Coral Reefs

, Volume 26, Issue 1, pp 129–145

Calcium carbonate budgets for two coral reefs affected by different terrestrial runoff regimes, Rio Bueno, Jamaica


DOI: 10.1007/s00338-006-0169-7

Cite this article as:
Mallela, J. & Perry, C.T. Coral Reefs (2007) 26: 129. doi:10.1007/s00338-006-0169-7


A process-based carbonate budget was used to compare carbonate framework production at two reef sites subject to varying degrees of fluvial influence in Rio Bueno, Jamaica. The turbid, central embayment was subjected to high rates of fluvial sediment input, framework accretion was restricted to ≤30 m, and net carbonate production was 1,887 g CaCO3 m−2 year−1. Gross carbonate production (GCP) was dominated by scleractinians (97%), particularly by sediment-resistant species, e.g. Diploria strigosa on the reef flat (<2 m). Calcareous encrusters contributed very little carbonate. Total bioerosion removed 265 g CaCO3 m−2 year−1 and was dominated by microborers. At the clear-water site, net carbonate production was 1,236 g CaCO3 m−2 year−1; the most productive zone was on the fore-reef (10 m). Corals accounted for 82% of GCP, and encrusting organisms 16%. Bioerosion removed 126 g CaCO3 m−2 year−1 and was dominated by macroborers. Total fish and urchin grazing was limited throughout (≤20 g CaCO3 m−2 year−1). The study demonstrates that: (1) carbonate production and net reef accretion can occur where environmental conditions approach or exceed perceived threshold levels for coral survival; and (2) although live coral cover (and carbonate production rates) were reduced on reef-front sites along the North Jamaican coast, low population densities of grazing fish and echinoids to some extent offset this, thus maintaining positive carbonate budgets.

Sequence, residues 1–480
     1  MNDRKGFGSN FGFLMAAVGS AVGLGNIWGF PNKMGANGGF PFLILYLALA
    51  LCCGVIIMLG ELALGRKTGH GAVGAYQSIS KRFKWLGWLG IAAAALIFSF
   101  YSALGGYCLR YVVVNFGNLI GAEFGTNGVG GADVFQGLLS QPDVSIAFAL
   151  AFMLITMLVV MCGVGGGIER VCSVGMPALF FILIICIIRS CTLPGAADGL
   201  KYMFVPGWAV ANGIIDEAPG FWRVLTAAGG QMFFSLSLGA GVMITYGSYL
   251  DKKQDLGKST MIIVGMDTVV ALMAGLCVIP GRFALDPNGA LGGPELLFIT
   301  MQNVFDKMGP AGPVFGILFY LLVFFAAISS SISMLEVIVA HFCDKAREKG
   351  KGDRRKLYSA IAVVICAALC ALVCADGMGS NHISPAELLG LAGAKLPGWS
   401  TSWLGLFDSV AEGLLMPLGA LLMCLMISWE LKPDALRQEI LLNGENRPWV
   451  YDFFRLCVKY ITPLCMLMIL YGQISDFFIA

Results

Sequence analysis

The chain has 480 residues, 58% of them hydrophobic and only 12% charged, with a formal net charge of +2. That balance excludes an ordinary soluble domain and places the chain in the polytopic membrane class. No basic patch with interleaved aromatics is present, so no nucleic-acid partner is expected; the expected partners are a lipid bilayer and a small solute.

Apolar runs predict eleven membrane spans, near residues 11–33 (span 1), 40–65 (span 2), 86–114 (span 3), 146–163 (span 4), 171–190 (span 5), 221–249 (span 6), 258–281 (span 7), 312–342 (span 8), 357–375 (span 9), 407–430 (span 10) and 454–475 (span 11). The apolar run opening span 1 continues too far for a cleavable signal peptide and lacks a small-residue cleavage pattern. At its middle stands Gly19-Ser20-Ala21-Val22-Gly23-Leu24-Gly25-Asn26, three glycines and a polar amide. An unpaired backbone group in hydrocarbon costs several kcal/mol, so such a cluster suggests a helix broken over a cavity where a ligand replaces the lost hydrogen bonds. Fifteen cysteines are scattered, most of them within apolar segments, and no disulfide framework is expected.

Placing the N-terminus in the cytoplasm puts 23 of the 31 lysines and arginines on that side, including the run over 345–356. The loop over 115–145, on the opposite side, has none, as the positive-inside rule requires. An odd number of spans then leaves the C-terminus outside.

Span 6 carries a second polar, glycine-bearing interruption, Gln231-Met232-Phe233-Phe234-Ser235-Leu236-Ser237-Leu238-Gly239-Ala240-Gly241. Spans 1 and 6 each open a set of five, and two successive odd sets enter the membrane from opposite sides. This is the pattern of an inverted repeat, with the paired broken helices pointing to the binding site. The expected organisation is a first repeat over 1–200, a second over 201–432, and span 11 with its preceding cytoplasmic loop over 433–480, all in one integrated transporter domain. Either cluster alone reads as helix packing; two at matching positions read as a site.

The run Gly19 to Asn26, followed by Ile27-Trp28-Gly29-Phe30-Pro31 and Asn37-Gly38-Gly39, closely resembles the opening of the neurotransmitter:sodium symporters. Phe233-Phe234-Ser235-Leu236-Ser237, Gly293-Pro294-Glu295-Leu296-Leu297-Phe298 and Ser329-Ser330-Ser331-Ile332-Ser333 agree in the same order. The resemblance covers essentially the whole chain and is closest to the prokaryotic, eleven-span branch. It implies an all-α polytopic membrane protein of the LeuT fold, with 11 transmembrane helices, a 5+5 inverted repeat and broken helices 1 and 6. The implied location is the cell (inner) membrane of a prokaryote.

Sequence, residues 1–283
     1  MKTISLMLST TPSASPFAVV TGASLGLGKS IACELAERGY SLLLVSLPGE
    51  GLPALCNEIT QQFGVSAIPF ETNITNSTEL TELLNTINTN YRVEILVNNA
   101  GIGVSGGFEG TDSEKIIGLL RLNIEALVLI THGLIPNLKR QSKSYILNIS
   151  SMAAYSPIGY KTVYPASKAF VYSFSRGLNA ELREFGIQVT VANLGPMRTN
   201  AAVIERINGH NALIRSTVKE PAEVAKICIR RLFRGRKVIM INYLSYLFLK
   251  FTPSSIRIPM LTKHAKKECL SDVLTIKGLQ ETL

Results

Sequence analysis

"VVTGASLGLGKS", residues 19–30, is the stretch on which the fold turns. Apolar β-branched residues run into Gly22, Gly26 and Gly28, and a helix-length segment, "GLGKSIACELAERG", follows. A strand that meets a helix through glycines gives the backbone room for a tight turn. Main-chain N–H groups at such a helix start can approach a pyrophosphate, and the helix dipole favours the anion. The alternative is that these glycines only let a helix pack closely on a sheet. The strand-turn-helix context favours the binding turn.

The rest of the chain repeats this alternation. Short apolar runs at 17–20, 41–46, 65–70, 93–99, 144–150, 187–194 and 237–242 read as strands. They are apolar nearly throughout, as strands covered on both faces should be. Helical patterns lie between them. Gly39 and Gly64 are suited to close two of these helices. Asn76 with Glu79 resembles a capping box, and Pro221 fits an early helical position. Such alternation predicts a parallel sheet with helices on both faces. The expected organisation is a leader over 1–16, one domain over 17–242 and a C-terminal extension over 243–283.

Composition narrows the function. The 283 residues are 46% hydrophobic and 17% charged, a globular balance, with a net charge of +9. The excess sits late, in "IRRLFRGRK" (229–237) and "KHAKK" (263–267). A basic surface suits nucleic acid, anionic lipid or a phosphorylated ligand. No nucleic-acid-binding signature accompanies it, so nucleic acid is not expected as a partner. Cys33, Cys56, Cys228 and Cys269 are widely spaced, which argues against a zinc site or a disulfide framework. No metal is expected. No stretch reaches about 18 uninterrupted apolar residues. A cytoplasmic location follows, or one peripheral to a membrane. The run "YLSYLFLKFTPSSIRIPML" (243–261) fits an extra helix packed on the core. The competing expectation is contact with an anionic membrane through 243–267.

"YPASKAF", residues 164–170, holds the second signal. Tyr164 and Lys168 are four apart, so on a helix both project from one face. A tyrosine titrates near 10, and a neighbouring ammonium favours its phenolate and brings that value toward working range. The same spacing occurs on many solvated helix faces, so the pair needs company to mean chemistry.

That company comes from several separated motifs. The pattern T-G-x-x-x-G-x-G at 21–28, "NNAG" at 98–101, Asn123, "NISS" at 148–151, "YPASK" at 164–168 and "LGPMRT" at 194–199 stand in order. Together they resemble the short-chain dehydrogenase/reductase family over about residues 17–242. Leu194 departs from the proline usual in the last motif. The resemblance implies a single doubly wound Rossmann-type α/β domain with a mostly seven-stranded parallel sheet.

Coral reefCarbonate productionCarbonate budgetRiverine impactsSedimentBioerosion

Copyright information

© Springer-Verlag 2006

Authors and Affiliations

  1. 1.Department of Environmental and Geographical SciencesManchester Metropolitan UniversityManchesterUK
  2. 2.Department of Life SciencesUniversity of the West IndiesSt AugustineTrinidad and Tobago